The first part of this will simply be a recap of the post. Below I’ll have a bold line notifying you of spoiler material if you haven’t seen the movie and still want to. I know this movie has been out for awhile, but it’s not often that I’m in the mood to watch a ‘scary’ movie and make the time to do it. My wonderful wife went to a ladies’ get together and left me home alone, so I thought it the perfect time for ice cream and scary stuff.

I really didn’t remember the previews for this movie. I think I knew that there was a little girl vampire and a little boy. I didn’t know if she was pestering him every night, trying to get in and kill him. Or maybe it was really cheesy and his parents actually say “don’t let strangers in”, then he goes and invites the girl in to kill his parents. Something weird like that is what I was expecting. What I got was something else entirely.

The basic plot of the movie is, a little girl moves in to the apartment next to this little boy named Owen. He can hear arguing between the little girl and her father through the wall, and the little girl comes out to talk to Owen when he’s playing in the central courtyard of the apartment complex. All the while there’s this wonderfully-mustached police officer looking into a string of mysterious deaths in the area. Not surprisingly, all the corpses have been drained of blood.
Of course, being a skinny twelve-year-old boy, Owen gets picked on by bullies at school. And vampire girl (named Abby) encourages him to stand up to the horrible bullies. Does all this sound interesting enough to watch?

CAUTION: below this line is spoiler material you may not want to read yet

Since seeing Interview With A Vampire, I found the idea of children vampires just generally horrible. Combining an image of cute innocence with this monstrous bloodthirsty creature is just disturbing. What I don’t recall happening much in Interview was a real “I’m a child that is miserable being stuck as a vampire”. It very quickly turned into “I’m much older than I look and have adult thoughts. I stop being cute as soon as I creepily smile or talk.” For a lot of Let Me In, I was hoping this little girl vampire was as innocent of it all as she seemed. Turns out the old guy traveling with her is not her father. He was a friend of hers back when he was a child about her age. Now he’s a serial killer that travels with her, slitting people’s throats and draining the blood to feed to her. What a great friend! We find out later on another twist of the vampire legend. If Abby bites someone and doesn’t kill them, they turn into a vampire too. Also she loses her will power at the mere sight of blood and turns simply into a creature of appetite. All good reasons to keep her away from attacking people herself. We don’t want more vampires running around, and we don’t want her leaving the corpses strewn about when we could more easily toss them in a river.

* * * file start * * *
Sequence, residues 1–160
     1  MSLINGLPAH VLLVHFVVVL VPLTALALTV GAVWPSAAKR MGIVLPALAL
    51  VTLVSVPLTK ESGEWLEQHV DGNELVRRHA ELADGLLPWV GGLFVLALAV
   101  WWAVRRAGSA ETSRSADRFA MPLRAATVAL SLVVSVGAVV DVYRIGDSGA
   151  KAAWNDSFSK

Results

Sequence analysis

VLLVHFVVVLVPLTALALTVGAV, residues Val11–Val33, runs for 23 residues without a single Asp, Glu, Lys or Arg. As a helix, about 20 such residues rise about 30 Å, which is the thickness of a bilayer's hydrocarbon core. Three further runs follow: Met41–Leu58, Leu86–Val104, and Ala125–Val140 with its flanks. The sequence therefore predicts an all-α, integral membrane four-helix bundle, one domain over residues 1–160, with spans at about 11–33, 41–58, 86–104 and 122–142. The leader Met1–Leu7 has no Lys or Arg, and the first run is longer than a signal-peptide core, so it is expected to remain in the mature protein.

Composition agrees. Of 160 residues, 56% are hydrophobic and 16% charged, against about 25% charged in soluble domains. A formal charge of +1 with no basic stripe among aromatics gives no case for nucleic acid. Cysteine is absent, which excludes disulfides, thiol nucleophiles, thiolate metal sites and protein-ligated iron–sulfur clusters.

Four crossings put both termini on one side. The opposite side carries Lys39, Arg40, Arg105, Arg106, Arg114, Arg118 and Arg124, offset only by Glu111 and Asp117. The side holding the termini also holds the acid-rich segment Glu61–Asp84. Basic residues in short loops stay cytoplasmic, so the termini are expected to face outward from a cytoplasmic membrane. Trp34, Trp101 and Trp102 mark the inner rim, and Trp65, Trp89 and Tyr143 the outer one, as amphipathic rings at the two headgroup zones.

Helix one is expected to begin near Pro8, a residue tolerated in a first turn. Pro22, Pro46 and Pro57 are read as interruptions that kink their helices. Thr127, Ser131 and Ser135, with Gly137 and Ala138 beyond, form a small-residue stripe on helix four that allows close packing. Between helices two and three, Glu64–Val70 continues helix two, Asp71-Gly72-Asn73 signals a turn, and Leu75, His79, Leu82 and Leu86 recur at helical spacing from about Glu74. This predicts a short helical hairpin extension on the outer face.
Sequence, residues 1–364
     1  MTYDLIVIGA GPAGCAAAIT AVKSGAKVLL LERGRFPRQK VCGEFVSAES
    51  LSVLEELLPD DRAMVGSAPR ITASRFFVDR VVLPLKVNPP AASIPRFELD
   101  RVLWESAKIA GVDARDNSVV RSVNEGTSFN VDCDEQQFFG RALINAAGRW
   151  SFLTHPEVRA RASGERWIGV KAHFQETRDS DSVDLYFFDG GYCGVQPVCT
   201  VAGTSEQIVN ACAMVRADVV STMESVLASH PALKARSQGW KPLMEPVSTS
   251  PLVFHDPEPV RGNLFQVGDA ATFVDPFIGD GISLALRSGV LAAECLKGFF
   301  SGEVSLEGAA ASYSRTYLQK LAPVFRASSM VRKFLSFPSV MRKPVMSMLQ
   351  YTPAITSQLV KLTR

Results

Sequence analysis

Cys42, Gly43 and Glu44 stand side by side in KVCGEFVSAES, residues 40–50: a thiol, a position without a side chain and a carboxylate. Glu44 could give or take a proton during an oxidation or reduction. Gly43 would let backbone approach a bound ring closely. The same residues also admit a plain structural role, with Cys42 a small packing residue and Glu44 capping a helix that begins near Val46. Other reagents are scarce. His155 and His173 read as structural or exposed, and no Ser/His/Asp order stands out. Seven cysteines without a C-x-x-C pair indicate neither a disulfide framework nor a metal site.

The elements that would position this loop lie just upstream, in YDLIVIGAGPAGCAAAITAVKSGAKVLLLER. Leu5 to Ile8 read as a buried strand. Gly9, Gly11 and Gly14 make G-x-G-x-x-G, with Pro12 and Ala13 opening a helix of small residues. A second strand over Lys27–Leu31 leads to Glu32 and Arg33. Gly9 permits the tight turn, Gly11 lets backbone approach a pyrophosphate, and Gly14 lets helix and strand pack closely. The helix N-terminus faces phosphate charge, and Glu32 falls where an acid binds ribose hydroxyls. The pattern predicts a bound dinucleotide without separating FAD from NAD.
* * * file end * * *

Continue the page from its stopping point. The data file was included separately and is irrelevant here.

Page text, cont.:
Eventually the old guy’s murdering goes awry, and he dies. By now Abby and Owen have become friends and Owen is starting to realize what Abby is. She convinces him to stand up to bullies at school, and he does. Because he was a ‘nice boy’, he barely escaped suspension for sending an older kid to the ER bleeding out of a damaged ear. Well then the cop’s story ends rather abruptly. He comes upon the apartment after following clues (good detective) and finds Owen and Abby there. He thinks Owen is in danger right before Abby attacks the cop and sucks him dry. There’s this moment while Owen is watching this that he could reach out his hand and comfort the cop as he’s being eaten alive by Abby. Instead Owen closes the door. Abby decides now that the heat is on and a cop has been killed, she should leave town.

Right after this, Owen gets attacked by the bully whose ear he jacked up. Not just him, but the bully’s mean even-older brother who threatens to drown Owen. As the bully is holding Owen’s head underwater, Abby bursts thru a window and quite literally tears the bully, the bully’s older brother, and the bully’s 2 benign side-kicks into several pieces. Owen, seeing that his life can’t return to normal, decides to travel with his new friend Abby.

As I said, I wanted this little girl to be the victim. She was a sweet girl who got bitten and is trapped with this monster and she’s doing the best she can to contain it. She doesn’t want to die, because most people don’t. So she drinks blood that this nice old guy brings to her.

But no, that’s not what I see at the end of this film. I see this very old, manipulative vampire. She makes a friend, uses that friend for all he’s worth, and then replaces him with a new friend when his time is up. Of course, the person a 12-year-old girl is best able to lure in is 12-year-old boys, so that’s who she keeps befriending. Despite how real their friendship may seem, Abby is just a people-user that manipulates young boys into a life of shared crime and bloodshed.

Turns out this whole movie is a remake of a Swedish film. I’ve heard from a few reviewers that the original is better. Next time I’m in the mood for a terrible story about manipulation and moral compromises, I’ll probably give that a watch. I guess the title really makes sense if you think about it. It wasn’t about letting people into your home; it was about letting people into your life.

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